Neural stem cell transplantation in patients with progressive multiple sclerosis: an open-label, phase 1 study

Nat Med. 2023 Jan;29(1):75-85. doi: 10.1038/s41591-022-02097-3. Epub 2023 Jan 9.


Innovative pro-regenerative treatment strategies for progressive multiple sclerosis (PMS), combining neuroprotection and immunomodulation, represent an unmet need. Neural precursor cells (NPCs) transplanted in animal models of multiple sclerosis have shown preclinical efficacy by promoting neuroprotection and remyelination by releasing molecules sustaining trophic support and neural plasticity. Here we present the results of STEMS, a prospective, therapeutic exploratory, non-randomized, open-label, single-dose-finding phase 1 clinical trial ( NCT03269071 , EudraCT 2016-002020-86), performed at San Raffaele Hospital in Milan, Italy, evaluating the feasibility, safety and tolerability of intrathecally transplanted human fetal NPCs (hfNPCs) in 12 patients with PMS (with evidence of disease progression, Expanded Disability Status Scale ≥6.5, age 18-55 years, disease duration 2-20 years, without any alternative approved therapy). The safety primary outcome was reached, with no severe adverse reactions related to hfNPCs at 2-year follow-up, clearly demonstrating that hfNPC therapy in PMS is feasible, safe and tolerable. Exploratory secondary analyses showed a lower rate of brain atrophy in patients receiving the highest dosage of hfNPCs and increased cerebrospinal fluid levels of anti-inflammatory and neuroprotective molecules. Although preliminary, these results support the rationale and value of future clinical studies with the highest dose of hfNPCs in a larger cohort of patients.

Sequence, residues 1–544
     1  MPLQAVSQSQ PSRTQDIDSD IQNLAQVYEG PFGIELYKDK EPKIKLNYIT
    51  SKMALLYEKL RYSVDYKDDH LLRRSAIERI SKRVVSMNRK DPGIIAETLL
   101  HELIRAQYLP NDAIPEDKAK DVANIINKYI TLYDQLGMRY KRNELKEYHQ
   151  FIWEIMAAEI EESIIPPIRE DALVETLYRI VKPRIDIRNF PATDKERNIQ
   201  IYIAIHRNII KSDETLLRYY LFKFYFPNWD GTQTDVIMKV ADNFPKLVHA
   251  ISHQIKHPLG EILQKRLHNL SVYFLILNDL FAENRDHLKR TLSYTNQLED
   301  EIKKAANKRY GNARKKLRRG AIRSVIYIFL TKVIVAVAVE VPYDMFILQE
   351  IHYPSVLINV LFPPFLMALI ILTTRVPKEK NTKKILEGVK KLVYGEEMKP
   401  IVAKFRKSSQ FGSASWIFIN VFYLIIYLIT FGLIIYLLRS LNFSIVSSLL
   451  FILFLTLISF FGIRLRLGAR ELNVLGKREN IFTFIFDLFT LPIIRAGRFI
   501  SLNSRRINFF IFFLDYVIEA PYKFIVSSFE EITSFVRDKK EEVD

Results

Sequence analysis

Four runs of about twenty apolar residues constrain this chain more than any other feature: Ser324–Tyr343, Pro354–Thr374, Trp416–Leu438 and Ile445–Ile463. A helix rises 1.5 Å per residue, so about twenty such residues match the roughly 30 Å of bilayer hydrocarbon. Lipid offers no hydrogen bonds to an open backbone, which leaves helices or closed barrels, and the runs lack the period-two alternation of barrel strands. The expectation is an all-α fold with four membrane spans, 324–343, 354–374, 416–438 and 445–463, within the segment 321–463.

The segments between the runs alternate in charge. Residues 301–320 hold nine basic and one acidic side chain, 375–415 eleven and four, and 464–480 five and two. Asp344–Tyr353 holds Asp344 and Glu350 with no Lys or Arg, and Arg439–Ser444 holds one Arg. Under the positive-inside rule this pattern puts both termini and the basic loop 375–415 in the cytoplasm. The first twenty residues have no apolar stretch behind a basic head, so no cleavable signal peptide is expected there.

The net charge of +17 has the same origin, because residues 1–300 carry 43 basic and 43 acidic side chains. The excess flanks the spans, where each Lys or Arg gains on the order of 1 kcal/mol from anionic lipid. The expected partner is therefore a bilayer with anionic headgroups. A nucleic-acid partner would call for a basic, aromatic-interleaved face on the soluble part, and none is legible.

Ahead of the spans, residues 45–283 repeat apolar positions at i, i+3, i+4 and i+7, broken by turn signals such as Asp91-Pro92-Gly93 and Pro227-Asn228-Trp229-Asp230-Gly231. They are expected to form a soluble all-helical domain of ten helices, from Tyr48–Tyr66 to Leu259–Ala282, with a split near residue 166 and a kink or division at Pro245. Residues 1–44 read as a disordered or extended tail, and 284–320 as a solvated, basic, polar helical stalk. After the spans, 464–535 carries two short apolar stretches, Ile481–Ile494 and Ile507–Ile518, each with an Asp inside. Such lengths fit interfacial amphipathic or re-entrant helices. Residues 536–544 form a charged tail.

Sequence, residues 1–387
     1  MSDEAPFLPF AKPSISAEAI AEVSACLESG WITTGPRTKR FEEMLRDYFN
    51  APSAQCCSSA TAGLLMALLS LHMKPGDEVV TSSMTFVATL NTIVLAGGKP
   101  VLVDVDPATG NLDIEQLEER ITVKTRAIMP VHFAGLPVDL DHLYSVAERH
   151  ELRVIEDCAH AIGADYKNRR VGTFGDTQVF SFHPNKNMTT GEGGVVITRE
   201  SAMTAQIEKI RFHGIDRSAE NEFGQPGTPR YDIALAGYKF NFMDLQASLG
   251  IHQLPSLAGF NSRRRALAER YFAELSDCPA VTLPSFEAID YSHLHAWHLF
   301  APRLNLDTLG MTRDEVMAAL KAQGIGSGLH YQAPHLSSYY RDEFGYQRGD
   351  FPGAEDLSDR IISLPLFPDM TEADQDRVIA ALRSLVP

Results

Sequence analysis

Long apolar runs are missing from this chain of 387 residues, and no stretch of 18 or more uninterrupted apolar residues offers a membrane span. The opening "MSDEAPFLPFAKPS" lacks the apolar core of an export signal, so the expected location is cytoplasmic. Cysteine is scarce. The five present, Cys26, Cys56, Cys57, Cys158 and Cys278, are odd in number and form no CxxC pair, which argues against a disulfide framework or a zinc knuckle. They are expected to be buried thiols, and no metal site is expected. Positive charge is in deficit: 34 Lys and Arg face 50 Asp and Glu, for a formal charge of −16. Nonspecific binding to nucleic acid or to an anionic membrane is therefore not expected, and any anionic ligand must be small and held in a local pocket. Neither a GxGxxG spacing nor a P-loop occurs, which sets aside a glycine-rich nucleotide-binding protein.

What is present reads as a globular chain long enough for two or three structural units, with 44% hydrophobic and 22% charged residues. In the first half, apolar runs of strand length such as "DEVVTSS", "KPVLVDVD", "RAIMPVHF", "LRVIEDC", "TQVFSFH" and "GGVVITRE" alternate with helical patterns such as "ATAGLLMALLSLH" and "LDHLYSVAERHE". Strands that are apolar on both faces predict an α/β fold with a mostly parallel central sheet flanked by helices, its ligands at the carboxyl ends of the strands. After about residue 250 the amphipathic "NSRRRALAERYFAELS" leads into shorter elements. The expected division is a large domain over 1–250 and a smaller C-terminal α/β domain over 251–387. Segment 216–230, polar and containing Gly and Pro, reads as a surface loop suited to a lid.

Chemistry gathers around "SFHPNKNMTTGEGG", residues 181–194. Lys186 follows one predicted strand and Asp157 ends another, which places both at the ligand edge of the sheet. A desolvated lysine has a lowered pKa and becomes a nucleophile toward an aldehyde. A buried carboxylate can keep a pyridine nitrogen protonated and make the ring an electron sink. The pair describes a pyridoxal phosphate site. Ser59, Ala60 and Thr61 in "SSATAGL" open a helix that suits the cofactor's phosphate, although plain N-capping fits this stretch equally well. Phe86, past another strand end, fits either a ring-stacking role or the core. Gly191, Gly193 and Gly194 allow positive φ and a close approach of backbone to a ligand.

Publication types

  • Clinical Trial, Phase I
  • Research Support, Non-U.S. Gov't

MeSH terms

  • Adolescent
  • Adult
  • Hematopoietic Stem Cell Transplantation*
  • Humans
  • Middle Aged
  • Multiple Sclerosis* / therapy
  • Neural Stem Cells*
  • Prospective Studies
  • Stem Cell Transplantation / methods
  • Young Adult

Associated data

  • EudraCT/2016-002020-86